The collection also contains a U. S. Army Air Forces document, "Air Route Manual: United States to Great Britain," prepared by Air Movements Unit, Operational Intelligence Section AFDIS – A2, May 25, 1942 (Second Revision). This publication is a pilot's briefing document prepared in support of Operation Bolero. It was designed for use by a Lockheed P-38 Lightning pilot and provides detailed radio and navigational information for all airfields en route (U. S. and Canada, Greenland, Iceland, and the British Isles) including aerial photographs, prepared strip maps marked with the magnetic course to be flown, and general information. It also contains eight large sectional maps, two American Airlines Radio Range and Mileage Charts, and six Ordnance Survey of Great Britain Aeronautical Maps.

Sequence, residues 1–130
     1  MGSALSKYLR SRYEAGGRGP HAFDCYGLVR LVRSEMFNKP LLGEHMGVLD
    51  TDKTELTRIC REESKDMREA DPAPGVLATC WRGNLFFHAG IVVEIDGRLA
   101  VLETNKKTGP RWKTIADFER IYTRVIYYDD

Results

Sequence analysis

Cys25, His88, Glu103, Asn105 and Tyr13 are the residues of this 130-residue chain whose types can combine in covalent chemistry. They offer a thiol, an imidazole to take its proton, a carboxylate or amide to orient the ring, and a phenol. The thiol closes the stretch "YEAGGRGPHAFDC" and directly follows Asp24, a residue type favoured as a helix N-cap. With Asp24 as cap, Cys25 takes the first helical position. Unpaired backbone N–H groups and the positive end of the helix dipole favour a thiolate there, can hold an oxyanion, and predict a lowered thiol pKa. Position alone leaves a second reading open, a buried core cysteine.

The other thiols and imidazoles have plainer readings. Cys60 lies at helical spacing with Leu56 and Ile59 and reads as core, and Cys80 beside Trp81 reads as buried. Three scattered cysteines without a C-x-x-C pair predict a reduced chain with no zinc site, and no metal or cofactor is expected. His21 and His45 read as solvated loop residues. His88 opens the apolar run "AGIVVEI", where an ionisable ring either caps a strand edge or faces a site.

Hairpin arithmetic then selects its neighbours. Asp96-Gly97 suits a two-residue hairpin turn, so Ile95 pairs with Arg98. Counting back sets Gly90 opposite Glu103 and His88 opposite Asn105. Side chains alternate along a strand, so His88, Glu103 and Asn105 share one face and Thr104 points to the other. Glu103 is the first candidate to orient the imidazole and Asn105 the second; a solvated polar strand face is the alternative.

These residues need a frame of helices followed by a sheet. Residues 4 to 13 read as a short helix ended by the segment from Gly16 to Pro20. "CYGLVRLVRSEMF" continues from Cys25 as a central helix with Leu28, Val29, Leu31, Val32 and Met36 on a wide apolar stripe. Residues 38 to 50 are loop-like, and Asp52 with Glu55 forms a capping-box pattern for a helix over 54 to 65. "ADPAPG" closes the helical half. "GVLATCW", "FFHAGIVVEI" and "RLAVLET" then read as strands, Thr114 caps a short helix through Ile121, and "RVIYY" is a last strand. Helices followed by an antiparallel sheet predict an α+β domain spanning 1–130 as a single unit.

Arrangement:
The collection materials are grouped into two roughly chronological scrapbooks and one military document.
Biographical / Historical: